The arbitrator’s duty of disclosure was examined and looked alongside that of confidentiality, with the court finding that the duty of disclosure did not override the arbitrator’s entirely separate duty of privacy and confidentiality. Nevertheless, the duty of disclosure was held to be a legal duty under English law and a key component of the arbitrator’s obligation of fairness and impartiality.
The court held that Mr Rokison’s failure to disclose his appointment in the subsequent two arbitrations was a breach of his legal duty of disclosure. This was taken into consideration when deciding whether the circumstances of multiple appointments involving Chubb and the same subject matter gave rise to an appearance of bias. Despite this breach, the court found that it could not be held that there was a real possibility of bias.
In deciding this, the court took into account the general practice in the field of arbitration and the facts of the case at the time of determination, which was the date of the hearing in January 2017 (rather than the date of appointment due to the wording in section 24(1)(a) of the Arbitration Act)., In particular, some time in advance of the hearing, Halliburton had previously questioned Mr Rokison about his failure to disclose his appointment in the other arbitrations, to which he provided an explanation. He explained that the duty was not clear, and he did not believe there would be any material overlap. Crucially, Halliburton accepted this. Further supporting the lack of bias was that Mr Rokison did not receive any secret financial gain and nor was there any basis to suggest any ill-will on his part. Thus, on this basis the court determined that, at the time of the removal hearing, a fair-minded and informed observer would not infer a real possibility of bias.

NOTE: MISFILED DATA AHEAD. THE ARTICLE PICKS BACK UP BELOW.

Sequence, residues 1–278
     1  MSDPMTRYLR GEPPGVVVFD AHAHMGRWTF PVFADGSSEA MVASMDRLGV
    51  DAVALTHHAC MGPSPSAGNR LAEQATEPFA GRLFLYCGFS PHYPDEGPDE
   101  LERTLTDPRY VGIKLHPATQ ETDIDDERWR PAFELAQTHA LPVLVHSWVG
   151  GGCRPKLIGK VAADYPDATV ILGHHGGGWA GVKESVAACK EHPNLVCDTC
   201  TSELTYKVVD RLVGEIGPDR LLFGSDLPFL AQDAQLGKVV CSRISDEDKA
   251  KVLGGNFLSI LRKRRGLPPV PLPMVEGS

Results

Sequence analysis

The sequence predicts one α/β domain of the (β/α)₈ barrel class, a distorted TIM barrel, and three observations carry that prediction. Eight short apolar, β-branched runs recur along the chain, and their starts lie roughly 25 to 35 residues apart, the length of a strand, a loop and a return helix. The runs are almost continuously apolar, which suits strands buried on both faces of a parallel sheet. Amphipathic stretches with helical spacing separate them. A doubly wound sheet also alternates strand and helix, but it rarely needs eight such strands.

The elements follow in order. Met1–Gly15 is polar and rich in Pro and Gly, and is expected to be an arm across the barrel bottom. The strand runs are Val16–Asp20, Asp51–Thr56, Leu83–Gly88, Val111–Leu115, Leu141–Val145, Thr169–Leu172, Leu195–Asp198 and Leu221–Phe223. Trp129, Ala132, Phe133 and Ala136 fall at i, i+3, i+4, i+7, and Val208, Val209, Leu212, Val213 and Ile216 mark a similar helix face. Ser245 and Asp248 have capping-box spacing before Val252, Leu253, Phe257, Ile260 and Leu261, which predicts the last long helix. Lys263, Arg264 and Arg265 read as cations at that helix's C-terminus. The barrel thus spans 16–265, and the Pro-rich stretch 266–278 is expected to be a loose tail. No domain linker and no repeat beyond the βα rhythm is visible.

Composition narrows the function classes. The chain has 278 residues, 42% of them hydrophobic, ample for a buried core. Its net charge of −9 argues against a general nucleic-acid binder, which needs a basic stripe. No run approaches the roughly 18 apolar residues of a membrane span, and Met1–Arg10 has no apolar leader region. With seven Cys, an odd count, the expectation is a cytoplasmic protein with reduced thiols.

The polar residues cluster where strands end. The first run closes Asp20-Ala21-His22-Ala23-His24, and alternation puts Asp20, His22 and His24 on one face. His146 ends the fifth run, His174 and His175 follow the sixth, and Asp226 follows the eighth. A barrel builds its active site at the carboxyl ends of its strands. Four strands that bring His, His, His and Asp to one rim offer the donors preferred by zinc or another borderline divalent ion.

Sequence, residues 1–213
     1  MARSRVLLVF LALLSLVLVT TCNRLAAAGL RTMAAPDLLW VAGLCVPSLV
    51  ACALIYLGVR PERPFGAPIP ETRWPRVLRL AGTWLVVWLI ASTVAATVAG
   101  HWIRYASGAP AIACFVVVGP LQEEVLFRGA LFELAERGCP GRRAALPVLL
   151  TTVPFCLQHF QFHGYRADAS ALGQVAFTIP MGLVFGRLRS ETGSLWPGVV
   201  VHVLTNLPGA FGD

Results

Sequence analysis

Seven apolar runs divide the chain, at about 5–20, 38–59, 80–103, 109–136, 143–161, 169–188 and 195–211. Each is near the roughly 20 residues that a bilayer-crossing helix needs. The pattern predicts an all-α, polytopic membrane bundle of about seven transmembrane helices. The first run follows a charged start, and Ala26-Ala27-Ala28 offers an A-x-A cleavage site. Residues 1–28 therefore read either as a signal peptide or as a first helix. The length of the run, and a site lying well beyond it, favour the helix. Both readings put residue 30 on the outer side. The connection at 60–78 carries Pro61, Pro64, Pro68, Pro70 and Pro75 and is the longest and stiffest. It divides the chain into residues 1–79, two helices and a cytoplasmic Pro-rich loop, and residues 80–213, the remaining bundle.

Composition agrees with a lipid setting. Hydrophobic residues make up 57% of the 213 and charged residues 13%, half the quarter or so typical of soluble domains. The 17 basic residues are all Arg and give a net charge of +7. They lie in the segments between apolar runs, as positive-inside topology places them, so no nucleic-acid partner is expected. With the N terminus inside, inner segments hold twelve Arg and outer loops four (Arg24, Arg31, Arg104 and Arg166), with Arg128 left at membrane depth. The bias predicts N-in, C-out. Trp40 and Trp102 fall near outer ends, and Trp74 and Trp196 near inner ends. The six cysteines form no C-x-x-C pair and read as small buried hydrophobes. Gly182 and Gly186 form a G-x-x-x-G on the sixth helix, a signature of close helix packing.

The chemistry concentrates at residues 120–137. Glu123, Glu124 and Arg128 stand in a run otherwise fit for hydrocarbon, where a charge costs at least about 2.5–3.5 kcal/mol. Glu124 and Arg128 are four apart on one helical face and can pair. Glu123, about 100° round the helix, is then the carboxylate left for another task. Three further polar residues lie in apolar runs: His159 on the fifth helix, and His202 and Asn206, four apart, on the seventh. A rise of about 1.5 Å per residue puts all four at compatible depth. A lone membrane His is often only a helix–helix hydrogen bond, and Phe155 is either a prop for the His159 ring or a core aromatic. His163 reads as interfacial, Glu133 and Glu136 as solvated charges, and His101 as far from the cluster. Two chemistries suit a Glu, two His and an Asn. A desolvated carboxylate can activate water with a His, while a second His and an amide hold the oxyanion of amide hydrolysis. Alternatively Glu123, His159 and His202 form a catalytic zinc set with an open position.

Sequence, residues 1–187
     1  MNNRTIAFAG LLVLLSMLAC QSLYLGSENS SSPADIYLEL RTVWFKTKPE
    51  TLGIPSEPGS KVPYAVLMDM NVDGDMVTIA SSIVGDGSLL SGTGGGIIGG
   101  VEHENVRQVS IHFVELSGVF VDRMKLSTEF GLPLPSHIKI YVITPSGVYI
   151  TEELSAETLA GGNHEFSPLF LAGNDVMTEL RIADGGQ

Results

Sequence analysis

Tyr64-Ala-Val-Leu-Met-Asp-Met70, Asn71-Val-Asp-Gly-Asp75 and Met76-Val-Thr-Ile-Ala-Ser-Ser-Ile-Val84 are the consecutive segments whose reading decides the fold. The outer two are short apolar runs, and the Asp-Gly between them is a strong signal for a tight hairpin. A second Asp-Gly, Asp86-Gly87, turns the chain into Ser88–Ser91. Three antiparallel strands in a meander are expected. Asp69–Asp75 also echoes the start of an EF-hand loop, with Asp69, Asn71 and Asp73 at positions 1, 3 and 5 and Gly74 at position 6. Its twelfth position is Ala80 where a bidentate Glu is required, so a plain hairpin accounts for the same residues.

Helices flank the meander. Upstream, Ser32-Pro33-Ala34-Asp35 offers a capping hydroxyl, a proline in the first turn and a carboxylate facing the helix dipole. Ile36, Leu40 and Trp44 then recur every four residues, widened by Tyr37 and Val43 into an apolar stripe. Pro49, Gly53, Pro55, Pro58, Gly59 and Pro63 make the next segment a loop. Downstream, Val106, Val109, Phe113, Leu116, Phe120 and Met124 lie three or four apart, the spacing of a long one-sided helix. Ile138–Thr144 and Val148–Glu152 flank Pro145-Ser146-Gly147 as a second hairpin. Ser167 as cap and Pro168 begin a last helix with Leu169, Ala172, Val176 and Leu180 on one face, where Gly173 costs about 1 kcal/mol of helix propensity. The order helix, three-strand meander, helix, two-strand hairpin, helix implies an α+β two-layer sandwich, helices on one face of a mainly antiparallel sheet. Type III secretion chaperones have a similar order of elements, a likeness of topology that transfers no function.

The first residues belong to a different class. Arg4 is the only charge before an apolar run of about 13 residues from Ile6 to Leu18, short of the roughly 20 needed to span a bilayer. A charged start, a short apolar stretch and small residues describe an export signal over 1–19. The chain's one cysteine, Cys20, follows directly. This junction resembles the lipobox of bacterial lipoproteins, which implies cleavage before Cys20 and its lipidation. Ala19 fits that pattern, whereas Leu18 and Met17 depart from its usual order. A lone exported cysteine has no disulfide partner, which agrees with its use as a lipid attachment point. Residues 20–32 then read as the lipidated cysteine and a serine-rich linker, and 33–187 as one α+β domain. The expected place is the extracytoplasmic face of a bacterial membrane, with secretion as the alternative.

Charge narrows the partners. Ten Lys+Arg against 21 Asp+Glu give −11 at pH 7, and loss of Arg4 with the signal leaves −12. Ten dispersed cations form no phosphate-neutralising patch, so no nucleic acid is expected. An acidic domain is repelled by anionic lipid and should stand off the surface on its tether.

Commenting on the Interveners’ submissions, the court accepted the LCIA, ICC, and CIArb’s request for the recognition of a legal duty of disclosure in international arbitrations. Moreover, the court acknowledged the LMAA and GAFTA’s submissions noting that when parties chose to arbitrate under specialist rules it is accepted that there might be a small pool of arbitrators involved who engage in overlapping arbitrations arising from the same events, which does not need to be disclosed. This was not the case in Bermuda Form arbitrations [para 137].